A memoir is a story from your life. It is not the full life story, just a chapter of the story. It may be a story that took years to unfold (your 4 years of high school) or it may have only taken a few moments (what happened when the assistant principal called you into her office).  It can be about an important life event or it can show the importance of normal, everyday events (after all, this is what most of our lives are made up of). Usually there is some lesson or wisdom gained.

Requirements:

Grading Rubric

This document shows how your piece will be graded.

Effective Lead; Speak; Memoir Rough Drafts

8 Oct

Skill Effective Lead

Effective Lead: An author’s attempt to grasp the reader’s attention in the beginning of a work.

First impressions are huge.  Think about how fast you flip through TV channels.  How much time does each program get before you switch stations?  In a world of ever shrinking attention spans, you need to grasp your readers’ attention as soon as possible.

  • Try being vague, create mystery by not immediately letting the reader know exactly what you are writing about…
  • Try using vague words like “it” before explaining what “it” is.
  • Start with dialogue.
  • Start somewhere besides the beginning.
  • Say something shocking.  Sensory Imagery blast.
  • Start in the middle of the action.
  • Make the reader question the narrator’s credibility.

Check out this page of 100 best first lines of novels.

And this one: 1stLinesof Movies

The Opening of Speak

Today you will receive a copy of the first novel we will read together, Speak.

We will read the first page and evaluate it as if it were a memoir. Notice her use of many of the skills we have discuss (sensory imagery, showing not telling, using specific details, paragraphing, and effective lead)

Memoir Rough Drafts

Next we will begin writing our rough drafts of our memoirs in our notebooks.

Using your outlines, start crafting your paragraphs. Try to incorporate some of our skills and techniques, but focus mostly on getting your ideas down. Don’t worry so much about making it perfect. Just get as much of your story down as you can.

Aim for about 2 handwritten pages in your notebook.

Post a picture of your outline and rough draft on Google Classroom.

Outlining Your Memoir

6 Oct

Start Outlining Your Memoir

Outlining– Process of gathering and organizing your ideas before beginning a piece of writing.  Writing without outlining is like getting in a car and driving without knowing what your destination will be.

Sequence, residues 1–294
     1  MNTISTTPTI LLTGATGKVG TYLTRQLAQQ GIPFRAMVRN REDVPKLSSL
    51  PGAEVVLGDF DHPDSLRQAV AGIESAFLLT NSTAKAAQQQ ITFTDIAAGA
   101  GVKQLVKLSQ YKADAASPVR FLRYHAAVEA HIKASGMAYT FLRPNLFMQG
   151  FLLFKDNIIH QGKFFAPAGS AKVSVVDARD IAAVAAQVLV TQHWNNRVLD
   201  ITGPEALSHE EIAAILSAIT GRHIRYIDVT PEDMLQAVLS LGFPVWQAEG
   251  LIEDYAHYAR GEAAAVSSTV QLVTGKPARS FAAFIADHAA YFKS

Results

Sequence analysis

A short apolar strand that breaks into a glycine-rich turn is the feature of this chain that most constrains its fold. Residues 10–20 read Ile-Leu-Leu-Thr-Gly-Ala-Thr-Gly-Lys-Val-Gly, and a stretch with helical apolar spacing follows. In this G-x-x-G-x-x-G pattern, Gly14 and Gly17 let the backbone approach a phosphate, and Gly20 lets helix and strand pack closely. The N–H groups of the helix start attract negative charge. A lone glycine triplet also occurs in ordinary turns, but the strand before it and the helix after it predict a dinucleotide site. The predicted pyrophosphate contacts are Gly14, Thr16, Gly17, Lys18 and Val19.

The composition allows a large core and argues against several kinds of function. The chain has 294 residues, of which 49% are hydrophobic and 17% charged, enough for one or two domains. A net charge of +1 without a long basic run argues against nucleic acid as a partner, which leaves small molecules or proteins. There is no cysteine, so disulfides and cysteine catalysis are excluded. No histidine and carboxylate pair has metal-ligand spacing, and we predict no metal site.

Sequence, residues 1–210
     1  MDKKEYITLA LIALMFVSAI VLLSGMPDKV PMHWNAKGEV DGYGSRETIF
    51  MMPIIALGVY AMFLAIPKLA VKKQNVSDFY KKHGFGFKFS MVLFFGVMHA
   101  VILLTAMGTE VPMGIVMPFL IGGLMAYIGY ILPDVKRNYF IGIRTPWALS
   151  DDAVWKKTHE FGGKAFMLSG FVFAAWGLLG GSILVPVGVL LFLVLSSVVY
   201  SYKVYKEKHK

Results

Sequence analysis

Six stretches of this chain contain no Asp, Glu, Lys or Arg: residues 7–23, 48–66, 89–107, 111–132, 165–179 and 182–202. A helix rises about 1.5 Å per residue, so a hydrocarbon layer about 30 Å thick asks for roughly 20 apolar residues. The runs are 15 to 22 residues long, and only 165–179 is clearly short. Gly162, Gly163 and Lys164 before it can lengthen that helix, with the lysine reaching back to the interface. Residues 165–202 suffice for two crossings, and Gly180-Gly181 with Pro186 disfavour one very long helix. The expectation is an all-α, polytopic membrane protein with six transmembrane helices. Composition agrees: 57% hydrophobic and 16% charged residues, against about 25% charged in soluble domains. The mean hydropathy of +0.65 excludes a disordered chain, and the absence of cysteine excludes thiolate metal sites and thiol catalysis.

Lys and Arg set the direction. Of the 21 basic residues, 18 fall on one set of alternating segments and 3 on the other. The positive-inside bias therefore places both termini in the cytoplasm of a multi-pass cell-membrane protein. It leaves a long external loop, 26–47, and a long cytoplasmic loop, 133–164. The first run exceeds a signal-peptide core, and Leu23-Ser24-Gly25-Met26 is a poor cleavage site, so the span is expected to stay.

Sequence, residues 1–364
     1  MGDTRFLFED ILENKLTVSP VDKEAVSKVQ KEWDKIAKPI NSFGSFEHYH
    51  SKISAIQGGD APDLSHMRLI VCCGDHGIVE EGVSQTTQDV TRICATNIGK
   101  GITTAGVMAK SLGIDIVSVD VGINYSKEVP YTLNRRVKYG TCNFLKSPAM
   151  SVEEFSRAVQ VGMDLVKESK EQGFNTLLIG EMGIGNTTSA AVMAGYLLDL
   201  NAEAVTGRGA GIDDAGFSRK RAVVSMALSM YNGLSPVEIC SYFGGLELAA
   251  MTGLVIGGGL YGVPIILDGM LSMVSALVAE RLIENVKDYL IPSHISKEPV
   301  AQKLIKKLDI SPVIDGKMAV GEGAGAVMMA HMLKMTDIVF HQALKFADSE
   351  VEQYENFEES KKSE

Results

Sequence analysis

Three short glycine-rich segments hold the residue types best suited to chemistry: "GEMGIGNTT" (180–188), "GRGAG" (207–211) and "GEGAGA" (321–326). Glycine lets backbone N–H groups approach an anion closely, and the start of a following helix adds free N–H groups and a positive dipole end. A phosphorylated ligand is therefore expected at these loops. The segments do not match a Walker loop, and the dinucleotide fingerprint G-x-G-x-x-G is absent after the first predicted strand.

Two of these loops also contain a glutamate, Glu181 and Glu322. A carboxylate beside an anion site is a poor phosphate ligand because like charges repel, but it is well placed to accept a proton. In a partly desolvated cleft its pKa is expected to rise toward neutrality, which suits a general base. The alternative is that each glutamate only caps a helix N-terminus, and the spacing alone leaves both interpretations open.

Steps:

  1. Brainstorm ideas – write down anything you think you might use. No idea is bad; the more the merrier. 
  2. Start Categorizing Ideas – review your brainstorming and group any ideas that are related in some way. (These groups will like become your paragraphs). *You probably won’t use everything you brainstormed*
  3. Organize Your Categories in a Logical Order for Your Paper

Benefits of outlining:

  • Helps you determine if you have enough information to write about a topic
  • Helps you remember your ideas
  • Helps you decide a logical and effective order to present your ideas
  • Helps you break your ideas into subtopics
  • Helps you decide what ideas are worth using and which are not.

Although it may seem like an extra step, an outline will save you time in the long run.  You will be less likely to get stuck, you won’t start writing about something only to realize you don’t have enough to say about it, and it will save you time on the editing process.

It doesn’t have to be fancy, just a collection of ideas.

Some helpful links here and here

Add Specific Details and Sensory Imagery

Once you have created your outline, spend some time thinking about the specific details and sensory imagery. Add these details to your outline.

Examples of Great Memoirs

Here are some great memoirs from students of the past. They may help give you ideas.

Coming Up with Memoir Ideas; Use Specific Details

2 Oct

Announcement! (Read Directions Carefully!)

The directions for our last assignment in Google Classroom Six Word Memoir/Showing Not Telling stated:

1. Post a Six Word Memoir.

2. Showing Not Telling: Post a 3-5 sentence paragraph, using showing not telling, for both A and B.

A. School is weird this year.

B. I feel nervous.

Make sure you are doing all parts of the assignment!!!

Quick Write:

Write about an experience in your life that changed you.

Memoir Example

We will be writing our own memoirs. Today we will look at an excellent memoir by a former student.

Read an Example of a Memoir from a student, “Little” on page 6.

New Skill: Using Specific Details

Use Specific Details: The more specific you can be in your writing, the more impact it will have on the reader.

  • Use brand names (“Air Jordans” instead of “shoes”)
  • Song titles, movie/tv show titles, etc (“‘Kurt Cobain’s scream in ‘Smells Like Teen Spirit’” instead of “loud music”)
  • People’s words (“Get over here now!” instead of “the principal called me”)

In 3-5 sentences in your notebook, illustrate the following by using specific details:

  • The woman is rich.
  • It is raining very hard.